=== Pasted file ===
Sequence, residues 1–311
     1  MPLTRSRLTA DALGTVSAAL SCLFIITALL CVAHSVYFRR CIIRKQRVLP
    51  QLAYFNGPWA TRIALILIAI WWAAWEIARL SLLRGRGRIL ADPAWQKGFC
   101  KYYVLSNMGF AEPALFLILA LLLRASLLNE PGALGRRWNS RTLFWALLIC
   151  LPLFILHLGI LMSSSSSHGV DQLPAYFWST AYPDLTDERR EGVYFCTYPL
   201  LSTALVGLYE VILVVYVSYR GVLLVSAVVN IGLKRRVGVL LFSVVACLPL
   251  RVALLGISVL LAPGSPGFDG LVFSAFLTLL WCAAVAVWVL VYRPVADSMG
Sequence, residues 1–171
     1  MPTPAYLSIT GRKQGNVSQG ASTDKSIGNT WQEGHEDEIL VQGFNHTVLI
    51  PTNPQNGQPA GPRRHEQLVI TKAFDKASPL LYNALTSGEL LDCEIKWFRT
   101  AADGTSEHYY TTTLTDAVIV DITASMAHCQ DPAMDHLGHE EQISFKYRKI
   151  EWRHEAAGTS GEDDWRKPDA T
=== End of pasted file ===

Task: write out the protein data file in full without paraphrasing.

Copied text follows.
Sequence, residues 1–311
     1  MPLTRSRLTA DALGTVSAAL SCLFIITALL CVAHSVYFRR CIIRKQRVLP
    51  QLAYFNGPWA TRIALILIAI WWAAWEIARL SLLRGRGRIL ADPAWQKGFC
   101  KYYVLSNMGF AEPALFLILA LLLRASLLNE PGALGRRWNS RTLFWALLIC
   151  LPLFILHLGI LMSSSSSHGV DQLPAYFWST AYPDLTDERR EGVYFCTYPL
   201  LSTALVGLYE VILVVYVSYR GVLLVSAVVN IGLKRRVGVL LFSVVACLPL
   251  RVALLGISVL LAPGSPGFDG LVFSAFLTLL WCAAVAVWVL VYRPVADSMG
Sequence, residues 1–171
     1  MPTPAYLSIT GRKQGNVSQG ASTDKSIGNT WQEGHEDEIL VQGFNHTVLI
    51  PTNPQNGQPA GPRRHEQLVI TKAFDKASPL LYNALTSGEL LDCEIKWFRT
   101  AADGTSEHYY TTTLTDAVIV DITASMAHCQ DPAMDHLGHE EQISFKYRKI
   151  EWRHEAAGTS GEDDWRKPDA T